• Thank you for stopping by to read my editorial, and I really appreciate your input. Not to critique your comment, but as a skeptic I have to doubt that the correlation between rapid social change and domestic violence is causally related. Most rapid social change occurs during a weak economy and completely out of necessity to ensure survival of a familial group. Women who might have otherwise stayed at home are compelled to enter the work force and employers, faced with an overwhelming number of female applicants begin hiring more women, to use a past example. During said times average stress levels are high, sleep times are low, work hours are long, budgets are tight, alcohol consumption goes up, drunk driving arrests skyrocket, people become more likely to drink heavily at home on a regular basis, assault and battery soars, and domestic violence rises, to name a few. To place the blame on the changing social paradigms and intimidated men is, in relation to the base of knowledge I have, unsupported by evidence, though a definite correlation exists.

      Basically what I’m saying is that they both seem to happen together but one doesn’t directly cause the other, they’re more likely caused by the same thing though.

  3. While I can see a writer wanting to write about an amazing journey from abuse to survival to triumph over said abuse, unfortunately such stories – if they were even meant as such – tend to fall well short of their (theoretically) intended goal. All too often they end up being nothing more than yet another boring, misogynistic sexual/emotional abuse fic, and I am heartily sick of that kind of tale.

    Even when the intended goal of “triumph against all odds” is rarely or vaguely (somewhat) achieved, it’s too often done so to the tune of gratuitous sexual violence and torture. These over-used plot devices are all too often drawn out and repeated over too many unnecessarily graphic chapters filled with overdone, overly-described, crass, sensationalistic sexual abuse and torture scenes to the point that, sickeningly, one begins to wonder if the writer “got off” on writing said abuse.

    I’ve stopped reading fics and books that even hint that they’re written along those lines. Simply put, I’m the only one in charge of what I choose to put into my brain, and I do not choose to defile my brain with unnecessary tales of rape, incest, torture, man-controls-woman (or, in all fairness, woman-controls-man), bondage, punishment, “Master/slave – dom/sub” tripe, and other forms of abuse. Thankfully I know how to stop reading and go take a shower.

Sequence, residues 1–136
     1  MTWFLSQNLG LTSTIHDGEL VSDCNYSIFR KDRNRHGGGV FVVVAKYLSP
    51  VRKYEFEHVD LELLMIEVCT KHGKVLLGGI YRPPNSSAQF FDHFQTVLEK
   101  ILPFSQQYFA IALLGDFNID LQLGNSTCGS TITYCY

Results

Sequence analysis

Your editorial is awesome, and well-timed. I sincerely hope it draws attention to the misogyny running pervasive in the world of the written word.

  4. It’s hard to discuss this subject apart from the premise of Twilight, a young, young woman who literally dies for the love of a man, after multiple attempts on her life, and a man who is ridiculed for wanting to leave her alive. She is, literally, selfless to the end. So if I take away these beloved characters, I agree with you. It is a lack of experience, empathy and skill, that drives these stories.

    I, too, would like the next author who decides to work around a rape, assault, molestation, stolen kiss, betrayal or attempted murder, to think long and hard about the victim, and to ask themselves, how the fuck would said victim end up happily ever after with her assailant?

    If a survivor is writing of her own experience? If she or he is hoping for something cathartic to come from it? Her protagonist would move on without her abuser. It’s an ending I haven’t read yet.

  5. Bravo! There are many, many fics out there much like those you describe, and I’ll admit to reading them. However, because I write book reviews for a living, I make attempts to write encouraging, thoughtful, and kind reviews for the writer. It takes real courage to put one’s self out there for the type of criticism these folks receive, especially from those who have never picked up a pen! Your final paragraph speaks quite loudly though. There are those who do write of situations, good or bad, relating to their own lives and this is therapeutic for them. I won’t begrudge them, nor will I judge them. I agree with you that this may be their coping mechanism.
    Am I tired of the tortured heroine? God, yes! Is it going to change? No, because one has to change their POV of that heroine, and then there are those who just really like that sort of thing, like bodice ripper romance novels. To each his or her own I suppose. I may find a story, start reading it, and if it becomes too clichéd, I stop reading it. Pretty simple! Kinda like changing the channel!